Meanwhile, it’s worth noting that a lack of regulation does not mean a lack of recourse. Remedies do currently exist for businesses that have lost out to ad fraudsters. For example, provided their pockets are deep enough, advertisers can enter contractual disputes if they believe they were deliberately sold invalid inventory, as demonstrated by Uber. The ride-sharing company is pursuing up to 100 ad networks and their supply sources over ad inventory that was “nonexistent, non-viewable or fraudulent” in US$70 million worth of ad campaigns.
Don’t lose sight of the root of the problem
However, the Uber case highlights an interesting debate: in adland, we spend a lot of time debating who is responsible for fraud. No advertiser or ad network wants to be liable for it, nor do they want to be embroiled in a legal dispute over fraudulent inventory, so fingers are pointed left, right and centre.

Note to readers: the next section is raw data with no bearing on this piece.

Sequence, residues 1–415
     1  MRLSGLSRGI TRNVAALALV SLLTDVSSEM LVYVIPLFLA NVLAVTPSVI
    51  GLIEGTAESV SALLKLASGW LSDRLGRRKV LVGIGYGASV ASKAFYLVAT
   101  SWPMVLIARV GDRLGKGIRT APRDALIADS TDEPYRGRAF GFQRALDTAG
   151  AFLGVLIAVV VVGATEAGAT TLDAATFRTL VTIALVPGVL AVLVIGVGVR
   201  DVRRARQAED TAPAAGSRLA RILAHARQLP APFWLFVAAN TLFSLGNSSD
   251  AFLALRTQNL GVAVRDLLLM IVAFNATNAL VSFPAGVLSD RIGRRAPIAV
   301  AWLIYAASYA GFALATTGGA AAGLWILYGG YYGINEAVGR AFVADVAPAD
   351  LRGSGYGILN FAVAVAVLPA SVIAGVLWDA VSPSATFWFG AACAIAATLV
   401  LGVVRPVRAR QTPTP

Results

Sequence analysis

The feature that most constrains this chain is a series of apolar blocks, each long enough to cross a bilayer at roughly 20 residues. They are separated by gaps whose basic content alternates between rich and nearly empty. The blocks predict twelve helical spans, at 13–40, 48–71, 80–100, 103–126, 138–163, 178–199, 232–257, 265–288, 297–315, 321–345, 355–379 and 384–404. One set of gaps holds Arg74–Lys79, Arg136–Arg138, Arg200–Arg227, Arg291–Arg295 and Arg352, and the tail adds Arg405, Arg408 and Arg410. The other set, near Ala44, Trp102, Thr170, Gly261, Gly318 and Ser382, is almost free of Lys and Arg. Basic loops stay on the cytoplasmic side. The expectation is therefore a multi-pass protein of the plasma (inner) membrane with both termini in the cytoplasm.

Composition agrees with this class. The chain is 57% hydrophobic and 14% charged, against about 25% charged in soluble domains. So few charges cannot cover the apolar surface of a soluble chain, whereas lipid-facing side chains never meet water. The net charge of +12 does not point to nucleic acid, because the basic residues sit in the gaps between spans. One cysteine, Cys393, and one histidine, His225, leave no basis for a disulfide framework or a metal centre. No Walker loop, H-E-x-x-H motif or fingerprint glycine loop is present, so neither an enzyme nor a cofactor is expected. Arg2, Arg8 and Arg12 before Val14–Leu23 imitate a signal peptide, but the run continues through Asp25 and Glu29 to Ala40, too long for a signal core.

Wouldn’t it be better if the fraud wasn’t there to be debated in the first place?
Regulation could very well assist in the fight against ad fraud, particularly if created in a way that ensures it doesn’t stifle industry innovation, or erode the benefits of digital advertising. The challenge is to find the balance between regulations that are comprehensive, yet not restrictive. That are built for today’s adtech landscape and not immediately rendered useless by the industry’s pace of evolution, all the while staying on the right side of existing privacy regulations.
But to devise regulation that fits all those criteria will take time. As APAC continues to lose US$17 million to ad fraud every day, can we afford to wait for regulation?